It puzzles me, because it has more power than I'd have expected. Theoretically it's pretty formulaic. The plot's basic, being not just an origin story for Wonder Woman but also for the entire island of Amazons. I don't think the film has any surprises from beginning to end... but it works.
I'll start by listing the stuff I shouldn't have liked, if only because I'm still thinking it through myself. Firstly, it has lots of battle scenes. Battles are boring. Why am I supposed to care about a thousand people I don't know trying to kill each other? However here I think it works because the movie's as much about the entire Amazon race as it is just about Wonder Woman, so it feels right to have them fully participating. Mind you, it also helps that it's incredibly violent. The movie's PG-13 and they had to cut a few shots to avoid an R. Superman or Batman will just tie you up and hand you over to the authorities, but Wonder Woman's enemies are liable to get decapitated.
Secondly, it's an origin story. I can see the attraction for Hollywood scriptwriters, but they're almost never particularly good. They feel like the preamble you've got to get out of the way before you reach the good stuff. What's more, though, this isn't any old origin. It's like the grandmother of all origin stories, taking the idea so ludicrously far that it does actually manage to become epic. Our first sight of Diana is at the 8-minute mark, as a new-born baby. Nearly half an hour has passed before she puts on the costume. We see the Amazons going off to their island, which furthermore isn't called Themyscira until 19 minutes in and so until that point we can pretend it's called Lesbos. Maybe the scenes on the island get a bit slow from time to time, but as a result you can't say that the later stuff hasn't been set up at length and so in some way earned.
Mind you, they don't explain the invisible plane. They'd worked so hard at maintaining the classical aesthetic of Themyscira, but then... a stealth jet? That made me boggle.
This kind of story tends to depend on its villain. Great bad guy = memorable film. The one they've chosen here is Ares, the god of war, who it has to be said is pretty cool. I really liked what they were doing with Greek mythology, in fact, with the film's best scene for instance being the one in which Ares goes to Hades to ask him for a favour. Great character design there, too. I'd never expected Hades to look like that, but it's fitting and even a little reminiscent of Gerald Scarfe's work on Disney's Hercules while deliberately being a fresh take on the character.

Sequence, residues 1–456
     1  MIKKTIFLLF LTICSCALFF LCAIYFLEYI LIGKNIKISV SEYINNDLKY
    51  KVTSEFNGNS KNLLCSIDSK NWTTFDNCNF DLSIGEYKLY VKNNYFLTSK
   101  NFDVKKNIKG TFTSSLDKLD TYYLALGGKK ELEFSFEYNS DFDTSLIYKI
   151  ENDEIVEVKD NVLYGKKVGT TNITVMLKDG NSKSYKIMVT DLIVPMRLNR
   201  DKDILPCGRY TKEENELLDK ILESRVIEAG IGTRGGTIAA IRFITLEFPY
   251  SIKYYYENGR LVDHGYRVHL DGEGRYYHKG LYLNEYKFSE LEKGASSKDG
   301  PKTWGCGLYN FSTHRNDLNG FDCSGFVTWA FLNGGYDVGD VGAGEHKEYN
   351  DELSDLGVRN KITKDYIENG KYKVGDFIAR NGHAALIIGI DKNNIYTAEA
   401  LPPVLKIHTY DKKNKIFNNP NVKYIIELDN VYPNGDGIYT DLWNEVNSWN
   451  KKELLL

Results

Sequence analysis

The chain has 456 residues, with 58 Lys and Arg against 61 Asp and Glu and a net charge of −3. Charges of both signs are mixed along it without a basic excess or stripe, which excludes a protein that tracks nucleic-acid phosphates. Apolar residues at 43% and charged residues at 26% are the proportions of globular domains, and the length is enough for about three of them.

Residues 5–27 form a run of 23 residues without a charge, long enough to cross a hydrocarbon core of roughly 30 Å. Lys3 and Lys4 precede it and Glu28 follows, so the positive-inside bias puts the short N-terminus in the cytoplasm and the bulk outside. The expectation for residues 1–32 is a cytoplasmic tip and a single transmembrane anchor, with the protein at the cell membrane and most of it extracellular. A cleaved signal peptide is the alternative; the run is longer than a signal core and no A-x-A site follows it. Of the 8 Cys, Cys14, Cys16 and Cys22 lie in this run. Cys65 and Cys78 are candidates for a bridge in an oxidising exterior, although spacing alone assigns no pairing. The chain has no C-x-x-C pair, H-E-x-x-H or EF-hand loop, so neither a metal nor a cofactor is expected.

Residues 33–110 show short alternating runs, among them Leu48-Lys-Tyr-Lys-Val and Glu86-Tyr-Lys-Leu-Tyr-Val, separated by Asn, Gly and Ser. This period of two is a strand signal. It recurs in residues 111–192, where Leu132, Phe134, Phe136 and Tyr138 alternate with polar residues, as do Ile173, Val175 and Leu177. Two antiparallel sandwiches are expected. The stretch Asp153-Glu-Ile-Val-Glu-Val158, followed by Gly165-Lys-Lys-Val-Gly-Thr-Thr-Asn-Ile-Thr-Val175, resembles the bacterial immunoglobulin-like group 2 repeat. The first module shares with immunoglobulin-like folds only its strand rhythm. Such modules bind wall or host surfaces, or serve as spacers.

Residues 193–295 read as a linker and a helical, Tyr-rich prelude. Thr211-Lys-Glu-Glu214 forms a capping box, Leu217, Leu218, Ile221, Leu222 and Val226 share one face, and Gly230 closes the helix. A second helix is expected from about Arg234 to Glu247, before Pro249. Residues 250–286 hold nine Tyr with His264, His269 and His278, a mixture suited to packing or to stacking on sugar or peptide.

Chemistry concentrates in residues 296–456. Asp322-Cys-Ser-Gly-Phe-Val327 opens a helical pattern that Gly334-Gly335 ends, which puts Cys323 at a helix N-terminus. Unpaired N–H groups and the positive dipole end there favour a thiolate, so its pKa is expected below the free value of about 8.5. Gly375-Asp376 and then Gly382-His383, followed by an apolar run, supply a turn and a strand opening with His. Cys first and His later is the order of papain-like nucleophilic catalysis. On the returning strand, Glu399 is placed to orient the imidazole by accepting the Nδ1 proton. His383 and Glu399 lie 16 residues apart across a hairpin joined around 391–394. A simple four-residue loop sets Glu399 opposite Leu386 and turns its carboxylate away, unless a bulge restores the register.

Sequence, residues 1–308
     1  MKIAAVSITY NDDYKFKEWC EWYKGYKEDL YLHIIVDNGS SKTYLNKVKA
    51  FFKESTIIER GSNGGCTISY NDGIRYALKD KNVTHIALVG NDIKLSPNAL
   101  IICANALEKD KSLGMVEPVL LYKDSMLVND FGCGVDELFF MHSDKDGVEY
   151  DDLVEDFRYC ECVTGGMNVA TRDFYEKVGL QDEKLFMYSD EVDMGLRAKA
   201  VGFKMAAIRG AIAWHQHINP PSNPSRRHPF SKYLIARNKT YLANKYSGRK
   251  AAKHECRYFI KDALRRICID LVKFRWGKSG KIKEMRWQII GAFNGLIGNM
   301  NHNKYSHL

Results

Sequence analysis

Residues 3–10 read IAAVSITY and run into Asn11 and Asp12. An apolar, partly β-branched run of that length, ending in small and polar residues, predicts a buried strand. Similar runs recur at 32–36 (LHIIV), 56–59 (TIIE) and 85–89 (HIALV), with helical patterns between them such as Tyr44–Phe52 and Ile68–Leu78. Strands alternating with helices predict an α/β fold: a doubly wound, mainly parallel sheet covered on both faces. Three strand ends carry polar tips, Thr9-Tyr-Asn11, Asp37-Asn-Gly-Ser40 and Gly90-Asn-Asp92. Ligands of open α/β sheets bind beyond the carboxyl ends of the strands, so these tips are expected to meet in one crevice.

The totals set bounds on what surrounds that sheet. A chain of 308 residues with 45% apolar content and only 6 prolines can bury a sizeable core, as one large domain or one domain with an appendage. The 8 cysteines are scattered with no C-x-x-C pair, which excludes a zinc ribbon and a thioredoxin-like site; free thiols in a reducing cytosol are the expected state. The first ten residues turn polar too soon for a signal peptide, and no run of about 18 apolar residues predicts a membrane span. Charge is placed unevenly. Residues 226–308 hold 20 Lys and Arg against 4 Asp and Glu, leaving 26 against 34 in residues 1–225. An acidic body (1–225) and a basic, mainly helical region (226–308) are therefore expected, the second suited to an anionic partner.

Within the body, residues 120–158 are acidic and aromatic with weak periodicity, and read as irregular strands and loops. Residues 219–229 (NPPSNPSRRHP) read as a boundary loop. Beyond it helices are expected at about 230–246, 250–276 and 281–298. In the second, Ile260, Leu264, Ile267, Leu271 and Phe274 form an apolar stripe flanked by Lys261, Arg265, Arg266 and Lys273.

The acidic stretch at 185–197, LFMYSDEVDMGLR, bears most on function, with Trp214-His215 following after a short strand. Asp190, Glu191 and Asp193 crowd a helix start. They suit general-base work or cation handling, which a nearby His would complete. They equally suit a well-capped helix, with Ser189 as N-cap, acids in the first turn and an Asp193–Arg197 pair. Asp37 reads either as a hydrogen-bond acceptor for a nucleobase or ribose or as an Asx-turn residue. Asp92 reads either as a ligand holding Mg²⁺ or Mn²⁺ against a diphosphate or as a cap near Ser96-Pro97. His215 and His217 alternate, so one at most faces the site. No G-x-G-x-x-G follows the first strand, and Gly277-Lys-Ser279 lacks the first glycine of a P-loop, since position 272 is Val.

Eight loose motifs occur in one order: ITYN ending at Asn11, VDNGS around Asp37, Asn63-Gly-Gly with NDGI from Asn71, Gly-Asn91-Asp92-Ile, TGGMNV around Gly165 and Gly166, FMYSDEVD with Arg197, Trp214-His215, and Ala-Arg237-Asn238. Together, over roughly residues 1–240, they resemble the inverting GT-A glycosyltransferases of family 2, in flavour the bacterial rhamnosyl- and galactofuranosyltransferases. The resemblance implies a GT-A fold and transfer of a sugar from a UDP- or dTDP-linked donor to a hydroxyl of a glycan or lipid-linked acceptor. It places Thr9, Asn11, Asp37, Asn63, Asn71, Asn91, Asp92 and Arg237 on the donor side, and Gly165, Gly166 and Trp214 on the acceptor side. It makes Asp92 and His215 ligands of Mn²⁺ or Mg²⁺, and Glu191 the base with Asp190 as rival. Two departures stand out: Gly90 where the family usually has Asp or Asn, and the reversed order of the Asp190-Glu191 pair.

Wonder Woman is fun too. She's pretty one-dimensional, being an Amazon warrior and not a lot more, but it's still a laugh to see her going up against the modern world. The feminist debates occasionally push their luck, but I think I only rolled my eyes at the kiss. Oh, and do I need to say that she's strong? "Smash up the building" strong. Wow.
Plot hole spotters will enjoy the scene where Nathan Fillion flies from America to Europe, yet only tries to shoot down the missile he's following when in sight of Themyscira. Then there's the moment where Wonder Woman gets ahead of someone she's chasing, despite the fact that he's just fallen about a hundred feet off a cliff. I liked the film, but I don't think they were breaking their backs over the script. I've just listened to the commentary track on the DVD and it's much less interesting than Planet Hulk
's, where they were always talking about story and character. This commentary instead was getting excited about the art and animation techniques, although there's nothing wrong with that. Mind you, I was amused by the Sailor Moon
influence in how much she used her headband, plus other anime nods.
The acting's fine. No one particularly stood out for me, but that means there wasn't anything horrible. You can't argue with Alfred Molina, Nathan Fillion, David McCallum and more. Fillion in particular makes his potentially annoying role entertaining. They even tried to get Lynda Carter for the goddess Hera.
The art's only okay, though. It's stylised in a manner that suggests the influence of a TV series, although I have to admit they do well at the tricky tasks of portraying mass carnage on a straight-to-DVD budget and helping us tell apart all these near-identical superwomen. On the downside, I couldn't tell the difference between the good planes and the bad planes in the dogfight. On the upside, though... zombies.
Overall, it's pretty good. You'll also get two bonus episodes of the 2001 Justice League TV series if you buy the two-disc DVD set, or four episodes if you buy the Blu-ray. I bought the two-disc set and I'll probably watch those episodes tomorrow. I liked this film, but I'm still trying to get my head around the reasons why. In particular, I haven't quite worked out why every so often I'd find a particular scene emotional, e.g. the bit at the end in which she's at last free to be Wonder Woman properly and smacks down the Cheetah. That got to me. I don't know why, but it did. To be fair, she is one of the few first-rank icons of Western comics and our number one superheroine, with the runner-up trailing far, far behind. (Who would that even be? Catwoman?) I'm not sure if I'd recommend buying it to a comics neophyte, but somehow it manages to be better than you'd expect.